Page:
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Title: A Population-Based Cohort Study on Chronic Obstructive Pulmonary Disease in Latin America: Methods and Preliminary Results. the PLATINO Study Phase II
Authors: Menezes, Ana Maria Baptista
Muino, Adriana
Lopez-Varela, Maria Victorina
Valdivia, Gonzalo
Lisboa, Carmen
Jardime, Jose Roberto [UNIFESP]
Oca, Maria Montes de
Talamo, Carlos
Wehrmeister, Fernando Cesar
Perez-Padilla, Rogelio
Platinoo, Equipo del Estudio
Univ Fed Pelotas
Ctr Hosp Pereira Rossell
Univ Republica
Univ Catol Santiago
Universidade Federal de São Paulo (UNIFESP)
Cent Univ Venezuela
Inst Nacl Enfermedades Resp
Keywords: Chronic obstructive pulmonary disease
Longitudinal studies
Latin America
Issue Date: 1-Jan-2014
Publisher: Ediciones Doyma S A
Citation: Archivos de Bronconeumologia. Barcelona: Ediciones Doyma S A, v. 50, n. 1, p. 10-17, 2014.
Abstract: Background: the PLATINO baseline study, conducted from 2003-2005 in five Latin American cities (São Paulo, Mexico City, Montevideo, Santiago, Caracas), showed a high prevalence of chronic obstructive pulmonary disease (COPD).Methods/design: A follow-up study was conducted in three out of the five centers (Montevideo, Santiago, and São Paulo) after a period of 5, 6 and 9 years, respectively, aimed at verifying the stability of the COPD diagnosis over time, the evolution of the disease in terms of survival, morbidity and respiratory function, and the analyses of inflammatory and genetic biomarkers in the blood. Some questions were added to the original questionnaire and death certificates were obtained from the national official registries.Results: the fieldwork has been concluded in the three centers. From the original samples in the PLATING study phase I, we were able to locate and interview 85.6% of patients in Montevideo, 84.7% in Santiago and 77.7% in São Paulo. Individuals who could not be located had higher education levels in Brazil, and were more likely to be current smokers in Santiago and São Paulo than in Montevideo. the overall quality of spirometries was >= 80% according to American Thoracic Society criteria. the number of deaths was 71 (Montevideo), 95 (Santiago) and 135 (São Paulo), with death certificates obtained from the national mortality registries for 76.1%, 88.3% and 91.8% of cases in Montevideo, Santiago and São Paulo, respectively.Conclusions: This study shows that is possible to perform population-based longitudinal studies in Latin American with high follow-up rates and high-quality spirometry data. the adequacy of national mortality registries varies among centers in Latin America. (C) 2013 SEPAR. Published by Elsevier Espana, S.L. All rights reserved.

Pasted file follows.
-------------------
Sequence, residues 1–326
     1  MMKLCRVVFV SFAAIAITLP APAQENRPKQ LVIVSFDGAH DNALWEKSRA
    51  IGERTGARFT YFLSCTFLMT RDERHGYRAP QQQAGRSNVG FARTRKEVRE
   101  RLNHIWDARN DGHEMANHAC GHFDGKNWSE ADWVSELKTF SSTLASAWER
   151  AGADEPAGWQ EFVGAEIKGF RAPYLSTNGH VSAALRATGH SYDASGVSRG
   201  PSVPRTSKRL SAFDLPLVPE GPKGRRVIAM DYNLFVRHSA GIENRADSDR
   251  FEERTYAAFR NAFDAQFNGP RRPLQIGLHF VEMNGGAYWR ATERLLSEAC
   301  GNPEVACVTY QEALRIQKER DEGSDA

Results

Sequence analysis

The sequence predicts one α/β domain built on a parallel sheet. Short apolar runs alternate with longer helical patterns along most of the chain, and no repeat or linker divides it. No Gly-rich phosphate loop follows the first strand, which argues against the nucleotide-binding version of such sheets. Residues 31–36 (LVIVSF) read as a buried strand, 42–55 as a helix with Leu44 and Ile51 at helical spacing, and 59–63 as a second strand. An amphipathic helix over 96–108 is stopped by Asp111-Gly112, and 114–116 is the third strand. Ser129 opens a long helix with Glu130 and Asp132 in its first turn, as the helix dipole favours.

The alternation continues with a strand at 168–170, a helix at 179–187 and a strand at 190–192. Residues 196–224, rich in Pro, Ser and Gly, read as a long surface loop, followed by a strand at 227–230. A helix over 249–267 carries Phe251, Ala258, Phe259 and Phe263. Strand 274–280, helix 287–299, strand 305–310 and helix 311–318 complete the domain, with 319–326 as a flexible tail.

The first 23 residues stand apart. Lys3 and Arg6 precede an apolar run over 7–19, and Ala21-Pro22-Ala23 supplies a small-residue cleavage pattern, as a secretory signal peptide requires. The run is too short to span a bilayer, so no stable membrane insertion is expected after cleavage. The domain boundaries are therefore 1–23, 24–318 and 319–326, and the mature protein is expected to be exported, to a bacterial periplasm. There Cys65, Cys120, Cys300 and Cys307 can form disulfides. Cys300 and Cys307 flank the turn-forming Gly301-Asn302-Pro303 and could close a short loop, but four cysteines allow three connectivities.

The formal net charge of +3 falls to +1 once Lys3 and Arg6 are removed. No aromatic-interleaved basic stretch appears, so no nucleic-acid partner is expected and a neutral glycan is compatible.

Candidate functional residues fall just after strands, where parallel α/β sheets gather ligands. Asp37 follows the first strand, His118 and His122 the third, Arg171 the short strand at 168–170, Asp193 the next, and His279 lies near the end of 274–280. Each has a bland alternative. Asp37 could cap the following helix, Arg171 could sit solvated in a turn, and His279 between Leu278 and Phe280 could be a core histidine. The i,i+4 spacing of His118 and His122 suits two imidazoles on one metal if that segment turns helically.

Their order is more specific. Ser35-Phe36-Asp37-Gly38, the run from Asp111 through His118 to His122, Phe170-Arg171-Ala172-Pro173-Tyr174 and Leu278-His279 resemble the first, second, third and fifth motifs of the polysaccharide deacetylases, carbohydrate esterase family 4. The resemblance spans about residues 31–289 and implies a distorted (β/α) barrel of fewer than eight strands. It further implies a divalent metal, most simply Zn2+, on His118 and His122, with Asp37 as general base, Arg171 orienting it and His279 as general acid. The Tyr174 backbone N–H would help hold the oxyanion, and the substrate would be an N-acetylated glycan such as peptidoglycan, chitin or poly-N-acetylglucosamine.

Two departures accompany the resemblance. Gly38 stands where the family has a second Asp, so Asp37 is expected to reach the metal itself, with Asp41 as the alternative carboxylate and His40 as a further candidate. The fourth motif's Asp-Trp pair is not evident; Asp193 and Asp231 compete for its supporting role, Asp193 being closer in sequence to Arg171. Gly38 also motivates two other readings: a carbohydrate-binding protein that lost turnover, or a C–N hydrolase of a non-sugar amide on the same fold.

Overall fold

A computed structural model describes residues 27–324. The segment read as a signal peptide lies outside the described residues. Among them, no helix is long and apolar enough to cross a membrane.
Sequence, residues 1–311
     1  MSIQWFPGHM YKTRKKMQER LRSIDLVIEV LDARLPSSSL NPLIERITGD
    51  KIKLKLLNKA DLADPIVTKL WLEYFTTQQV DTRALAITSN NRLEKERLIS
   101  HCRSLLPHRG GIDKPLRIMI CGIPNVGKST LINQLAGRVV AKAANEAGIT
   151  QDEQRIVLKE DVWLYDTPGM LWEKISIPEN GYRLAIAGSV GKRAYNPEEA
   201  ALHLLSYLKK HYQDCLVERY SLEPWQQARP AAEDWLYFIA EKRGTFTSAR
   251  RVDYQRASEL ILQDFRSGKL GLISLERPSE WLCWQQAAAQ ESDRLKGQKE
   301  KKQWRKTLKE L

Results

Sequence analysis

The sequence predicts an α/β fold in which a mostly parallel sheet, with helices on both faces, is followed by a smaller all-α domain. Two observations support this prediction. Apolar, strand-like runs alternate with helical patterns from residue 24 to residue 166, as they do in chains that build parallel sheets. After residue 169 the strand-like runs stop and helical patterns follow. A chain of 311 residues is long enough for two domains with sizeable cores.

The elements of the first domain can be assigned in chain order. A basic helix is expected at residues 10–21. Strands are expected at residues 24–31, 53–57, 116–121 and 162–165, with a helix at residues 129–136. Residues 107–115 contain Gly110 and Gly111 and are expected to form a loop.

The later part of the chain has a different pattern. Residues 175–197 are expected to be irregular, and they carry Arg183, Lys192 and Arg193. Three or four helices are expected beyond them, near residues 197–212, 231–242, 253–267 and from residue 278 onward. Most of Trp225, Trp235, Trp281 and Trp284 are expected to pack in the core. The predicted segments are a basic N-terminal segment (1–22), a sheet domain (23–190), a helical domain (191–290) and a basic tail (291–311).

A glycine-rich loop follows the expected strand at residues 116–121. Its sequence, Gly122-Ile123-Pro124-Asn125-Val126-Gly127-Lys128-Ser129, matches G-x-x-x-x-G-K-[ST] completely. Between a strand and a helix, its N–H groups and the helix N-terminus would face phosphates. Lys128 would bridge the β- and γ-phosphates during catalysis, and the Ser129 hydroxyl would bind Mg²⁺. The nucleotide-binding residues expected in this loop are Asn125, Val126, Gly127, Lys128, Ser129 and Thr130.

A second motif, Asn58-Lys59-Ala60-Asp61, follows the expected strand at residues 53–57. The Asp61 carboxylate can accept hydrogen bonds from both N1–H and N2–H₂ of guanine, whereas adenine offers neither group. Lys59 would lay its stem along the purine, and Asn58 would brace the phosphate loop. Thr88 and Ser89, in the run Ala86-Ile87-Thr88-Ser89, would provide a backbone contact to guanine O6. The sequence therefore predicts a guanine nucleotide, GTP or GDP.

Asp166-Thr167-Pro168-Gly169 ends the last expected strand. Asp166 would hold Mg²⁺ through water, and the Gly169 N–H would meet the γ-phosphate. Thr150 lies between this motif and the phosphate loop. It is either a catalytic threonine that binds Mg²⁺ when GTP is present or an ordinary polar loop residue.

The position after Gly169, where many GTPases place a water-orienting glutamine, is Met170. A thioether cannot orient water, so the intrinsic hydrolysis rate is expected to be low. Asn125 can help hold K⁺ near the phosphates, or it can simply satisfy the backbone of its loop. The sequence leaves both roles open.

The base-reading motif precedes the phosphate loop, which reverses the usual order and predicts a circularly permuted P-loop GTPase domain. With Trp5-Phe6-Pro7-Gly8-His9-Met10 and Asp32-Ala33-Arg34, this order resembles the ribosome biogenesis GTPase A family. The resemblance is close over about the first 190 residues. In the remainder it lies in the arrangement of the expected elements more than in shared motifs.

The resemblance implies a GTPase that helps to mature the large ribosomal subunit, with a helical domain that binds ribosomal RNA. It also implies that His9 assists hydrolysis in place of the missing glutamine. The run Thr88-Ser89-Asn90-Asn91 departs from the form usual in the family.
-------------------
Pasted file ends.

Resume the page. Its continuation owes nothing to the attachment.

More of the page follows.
ISSN: 0300-2896
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